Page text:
Definition of disqualify in English:

disqualify

verb

[WITH OBJECT]
  • 1 Pronounce (someone) ineligible for an office, activity, or competition because of an offense or infringement.

    ‘he was disqualified from driving for six months’
    ‘he was disqualified after failing a drug test’
    ‘he was hit by a disqualified driver’
    • ‘We have never had people disqualified for breaking election rules.’
    • ‘His words were not considered serious enough to refer to a national Administration Panel, which has the power to disqualify councillors from office for a fixed period of up to five years.’
    • ‘The coalition of the Democratic Congress Party and the Mozambique National Party was disqualified because it failed to register as a coalition, said Mandlate.’
    • ‘A military appointing authority could choose to disqualify any panel member for good cause.’
    • ‘The Act restricts the size of the council of ministers, extends the ban on defections to party splits and disqualifies a defector from holding a public office for the remainder of the legislative term.’
    • ‘May I remind you that if you drive while disqualified over the next two years, you could lose your liberty.’
    • ‘Wharton had previous convictions which included interfering with cars, robbery, aggravated vehicle taking, dangerous driving and driving while disqualified.’
    • ‘Refugees who refuse a place in an accommodation centre would disqualify themselves from any further benefits or help from the Government.’
    • ‘While 24 agencies made specific reference to one or more possibly disqualifying attributes of prospective adopters, only 10 listed positive qualities they look for in assessing potential parents.’
    • ‘Tell the review committee to disqualify a certain applicant, Mr. Mo, who is enjoying a sizable popular support and who is supported by the opposite camp to you.’
    • ‘What would stop a rival from making it look like you were campaigning by e-mail, so that they could get you disqualified, thus handing them the position?’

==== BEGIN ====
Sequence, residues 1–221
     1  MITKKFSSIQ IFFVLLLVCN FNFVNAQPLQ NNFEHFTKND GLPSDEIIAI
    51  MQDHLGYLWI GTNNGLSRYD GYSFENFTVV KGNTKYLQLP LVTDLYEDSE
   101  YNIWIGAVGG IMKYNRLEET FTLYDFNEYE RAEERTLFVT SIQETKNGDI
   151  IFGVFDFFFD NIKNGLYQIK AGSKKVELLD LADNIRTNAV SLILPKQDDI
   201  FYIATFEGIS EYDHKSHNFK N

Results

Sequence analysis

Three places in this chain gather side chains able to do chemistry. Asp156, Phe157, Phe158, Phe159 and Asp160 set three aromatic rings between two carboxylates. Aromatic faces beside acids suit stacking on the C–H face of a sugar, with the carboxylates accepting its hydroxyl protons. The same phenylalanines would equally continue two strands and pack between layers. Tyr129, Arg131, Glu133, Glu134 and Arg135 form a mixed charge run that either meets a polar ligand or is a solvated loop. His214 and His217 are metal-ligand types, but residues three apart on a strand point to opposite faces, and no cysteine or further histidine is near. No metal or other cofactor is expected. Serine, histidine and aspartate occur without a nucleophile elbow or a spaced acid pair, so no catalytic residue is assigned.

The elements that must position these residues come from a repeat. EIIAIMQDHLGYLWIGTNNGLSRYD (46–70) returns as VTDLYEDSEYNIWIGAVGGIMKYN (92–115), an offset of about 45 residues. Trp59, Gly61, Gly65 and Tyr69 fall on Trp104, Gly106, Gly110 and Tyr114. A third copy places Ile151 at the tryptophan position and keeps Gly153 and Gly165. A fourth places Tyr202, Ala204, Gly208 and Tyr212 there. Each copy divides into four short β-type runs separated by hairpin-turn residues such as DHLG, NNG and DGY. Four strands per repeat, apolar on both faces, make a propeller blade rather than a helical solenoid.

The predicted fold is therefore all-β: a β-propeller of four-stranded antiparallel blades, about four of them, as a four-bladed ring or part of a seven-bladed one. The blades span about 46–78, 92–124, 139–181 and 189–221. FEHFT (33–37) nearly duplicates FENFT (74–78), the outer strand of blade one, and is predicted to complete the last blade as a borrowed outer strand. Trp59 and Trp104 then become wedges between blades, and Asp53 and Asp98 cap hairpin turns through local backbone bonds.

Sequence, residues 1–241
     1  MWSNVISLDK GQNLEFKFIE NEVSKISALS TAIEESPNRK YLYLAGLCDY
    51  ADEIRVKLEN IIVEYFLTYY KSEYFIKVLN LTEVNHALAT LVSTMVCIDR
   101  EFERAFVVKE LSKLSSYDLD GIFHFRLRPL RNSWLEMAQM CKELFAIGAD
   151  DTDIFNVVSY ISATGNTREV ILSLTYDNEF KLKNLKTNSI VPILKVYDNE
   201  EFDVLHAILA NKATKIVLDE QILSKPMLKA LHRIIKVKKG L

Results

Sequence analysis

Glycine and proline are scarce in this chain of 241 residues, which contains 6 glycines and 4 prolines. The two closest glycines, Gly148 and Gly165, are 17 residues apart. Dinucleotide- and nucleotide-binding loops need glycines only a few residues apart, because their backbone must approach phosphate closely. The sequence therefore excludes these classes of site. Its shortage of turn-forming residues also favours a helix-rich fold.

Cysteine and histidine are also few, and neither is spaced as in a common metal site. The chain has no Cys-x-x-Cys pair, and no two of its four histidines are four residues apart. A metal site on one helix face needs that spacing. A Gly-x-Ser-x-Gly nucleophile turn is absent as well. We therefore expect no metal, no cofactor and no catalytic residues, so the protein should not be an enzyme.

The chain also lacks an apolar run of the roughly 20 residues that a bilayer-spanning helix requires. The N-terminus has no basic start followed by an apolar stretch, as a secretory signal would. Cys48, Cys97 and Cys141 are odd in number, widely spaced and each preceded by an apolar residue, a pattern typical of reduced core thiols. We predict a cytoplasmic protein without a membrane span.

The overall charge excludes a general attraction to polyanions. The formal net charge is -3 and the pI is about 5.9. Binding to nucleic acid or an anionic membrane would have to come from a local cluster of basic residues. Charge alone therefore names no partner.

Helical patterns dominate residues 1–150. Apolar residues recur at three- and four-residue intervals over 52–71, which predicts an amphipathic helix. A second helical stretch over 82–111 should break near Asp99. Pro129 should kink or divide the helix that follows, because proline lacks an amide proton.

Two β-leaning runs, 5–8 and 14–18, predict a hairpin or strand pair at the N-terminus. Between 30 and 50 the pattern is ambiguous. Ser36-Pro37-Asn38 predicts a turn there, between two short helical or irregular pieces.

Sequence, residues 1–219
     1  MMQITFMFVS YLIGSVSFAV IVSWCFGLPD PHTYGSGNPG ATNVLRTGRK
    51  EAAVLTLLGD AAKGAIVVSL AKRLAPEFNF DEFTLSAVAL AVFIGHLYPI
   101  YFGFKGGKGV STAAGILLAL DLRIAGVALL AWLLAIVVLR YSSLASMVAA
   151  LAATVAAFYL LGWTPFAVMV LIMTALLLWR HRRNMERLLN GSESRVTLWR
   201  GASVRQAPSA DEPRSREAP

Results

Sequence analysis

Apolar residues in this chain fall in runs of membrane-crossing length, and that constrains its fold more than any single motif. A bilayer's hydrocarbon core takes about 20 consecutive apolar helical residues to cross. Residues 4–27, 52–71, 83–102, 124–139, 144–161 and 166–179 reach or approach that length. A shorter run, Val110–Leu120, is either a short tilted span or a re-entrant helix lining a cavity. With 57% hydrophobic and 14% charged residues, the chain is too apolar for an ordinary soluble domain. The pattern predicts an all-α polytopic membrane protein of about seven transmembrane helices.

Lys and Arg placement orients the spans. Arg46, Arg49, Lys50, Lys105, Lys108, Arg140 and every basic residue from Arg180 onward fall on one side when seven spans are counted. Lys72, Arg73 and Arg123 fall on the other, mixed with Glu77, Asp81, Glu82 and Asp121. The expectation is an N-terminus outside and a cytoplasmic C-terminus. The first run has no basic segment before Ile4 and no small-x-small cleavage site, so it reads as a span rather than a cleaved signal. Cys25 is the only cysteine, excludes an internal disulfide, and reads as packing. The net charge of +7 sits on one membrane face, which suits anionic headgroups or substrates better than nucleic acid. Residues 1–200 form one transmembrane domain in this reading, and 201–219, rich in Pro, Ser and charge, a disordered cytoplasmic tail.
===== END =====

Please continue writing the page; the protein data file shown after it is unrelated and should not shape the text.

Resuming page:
• ‘Well, any time you disqualify military votes you should be very, very careful about it, because they certainly deserve to be counted.’
    • ‘Most galling of all is the ridiculous statements the committee has made in disqualifying the Yes team.’
    • ‘The categories of persons to be disqualified included those who committed ‘reactionary deeds’.’
    • ‘Magistrates have a discretion not to disqualify, but only if there are good reasons that fall within narrowly-defined limits.’
    • ‘As a result of the operation one man was arrested for driving while disqualified, seven suspected benefit cheats were caught and six vehicles were detained for having various defects.’
    • ‘This new law envisaged that all those persons who had held any public office and had been proved to have committed any kind of corrupt practice would be disqualified for six years.’
    • ‘It is impossible to debate with them because they swiftly adopt the position that others are disqualified, for personal reasons, from any right to disagree.’
    • ‘Several candidates were judged unsuitable, were disqualified and fined.’
    • ‘A court can disqualify directors for between two and 15 years for unfit conduct.’